We’re still hearing anonymous executives hemming and hawing and fretting over Hamels’ struggles, of course. That’s no surprise. These guys have a real incentive to feed the narrative that recent performance can trump a track record even as impressive as Hamels’, because by doing so, they might get him cheaper. Teams aren’t actually making decisions based on bad stats over short time periods, and if scouts are coming back from Hamels’ starts reporting that he’s damaged in any way, they ought to be fired. The numbers show, and common sense says, that Hamels is more or less what he has always been. He’s had the bad fortune of playing for a team utterly unable to help him prevent runs this year, and it’s showing. There’s no reason to expect anything but dominance from him if and when he lands with a club better equipped for that task.

I wrote recently, and still believe strongly, that Ruben Amaro should move Hamels at the deadline. He simply won’t be as exceptional an asset, something the market might irrationally price, in any trading period after this one, because of his age, his cumulative workload, and his contract. This is the sweet spot. Rival GMs are feeding notes of concern to Buster Olney and Jayson Stark because they know what Hamels is really worth, and don’t want to pay it. They know this is the time of year at which whispers and opinions on single outings can slip past the journalistic filters, because that’s what we do during this time of the year. Amaro should call those executives’ bluffs, but when someone blinks, he should be ready to pull the trigger.

FanGraphs keeps league batted-ball statistics based on hit direction. StatCorner tracks balls called as strikes, and vice-versa, in addition to the percentages of flies hit to batters’ pull fields. Thanks to both for the use of the data.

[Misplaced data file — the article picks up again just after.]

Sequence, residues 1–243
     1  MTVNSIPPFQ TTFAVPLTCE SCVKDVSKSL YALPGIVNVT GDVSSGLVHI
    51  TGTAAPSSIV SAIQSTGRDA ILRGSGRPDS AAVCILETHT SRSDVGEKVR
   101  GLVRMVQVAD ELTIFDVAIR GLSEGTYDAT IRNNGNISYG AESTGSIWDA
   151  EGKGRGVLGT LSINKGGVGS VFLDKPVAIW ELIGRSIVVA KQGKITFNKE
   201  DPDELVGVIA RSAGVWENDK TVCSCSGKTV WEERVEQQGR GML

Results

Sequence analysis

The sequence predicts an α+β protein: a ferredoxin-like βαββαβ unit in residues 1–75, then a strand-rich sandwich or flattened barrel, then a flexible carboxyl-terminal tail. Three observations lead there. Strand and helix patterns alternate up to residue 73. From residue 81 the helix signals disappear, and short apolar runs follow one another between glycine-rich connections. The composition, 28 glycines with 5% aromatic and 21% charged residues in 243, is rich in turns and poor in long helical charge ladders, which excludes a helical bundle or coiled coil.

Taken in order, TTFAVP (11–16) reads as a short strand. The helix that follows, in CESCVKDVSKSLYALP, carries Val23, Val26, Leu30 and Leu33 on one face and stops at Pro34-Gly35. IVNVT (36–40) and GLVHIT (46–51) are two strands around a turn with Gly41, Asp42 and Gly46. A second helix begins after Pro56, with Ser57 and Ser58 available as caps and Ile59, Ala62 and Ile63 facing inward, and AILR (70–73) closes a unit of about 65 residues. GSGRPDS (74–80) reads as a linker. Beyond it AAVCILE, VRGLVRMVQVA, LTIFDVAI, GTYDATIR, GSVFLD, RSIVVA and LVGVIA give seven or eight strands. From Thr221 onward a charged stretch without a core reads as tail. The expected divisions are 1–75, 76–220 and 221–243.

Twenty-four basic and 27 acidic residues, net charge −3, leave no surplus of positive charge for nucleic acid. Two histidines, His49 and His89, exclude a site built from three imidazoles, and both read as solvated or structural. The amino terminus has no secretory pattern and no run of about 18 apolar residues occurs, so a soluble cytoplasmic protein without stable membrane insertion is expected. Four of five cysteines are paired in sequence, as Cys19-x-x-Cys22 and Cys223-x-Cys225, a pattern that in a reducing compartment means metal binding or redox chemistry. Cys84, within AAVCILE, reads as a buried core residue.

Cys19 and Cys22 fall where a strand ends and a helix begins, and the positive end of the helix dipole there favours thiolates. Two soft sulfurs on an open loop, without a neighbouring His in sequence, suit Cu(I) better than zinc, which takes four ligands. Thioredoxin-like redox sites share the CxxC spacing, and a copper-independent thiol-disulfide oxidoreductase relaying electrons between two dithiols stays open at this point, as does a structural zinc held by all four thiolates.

Thank you for reading

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What struck me most in this essay is the bland acceptance that umpires miscall balls and strikes about ten percent of the time. What MLB player (except, of course, that abomination the DHs) would be kept in the lineup with a .900 fielding average? If your computer can accurately judge balls and strikes--by definition instantaneously--there remains absolutely no justification for having those calls made by the plate umpire rather than a computer. The only changes that would improve baseball more would be to eliminate the DH and to increase the roster size to 27.
It would be nice to eliminate obvious terrible calls. Borderline calls I'm OK with mistakes on. Part of it for me is fear of unexpected consequences. What if hitters are so good that without some uncertainty about borderline pitches, they would develop perfect senses of the zone and offense soared? What if the zone that umpires call actually makes for a better game than the zone the rules describe? Maybe none of this would come to pass, but I would like to have a compelling reason to change the game before making a radical change to it.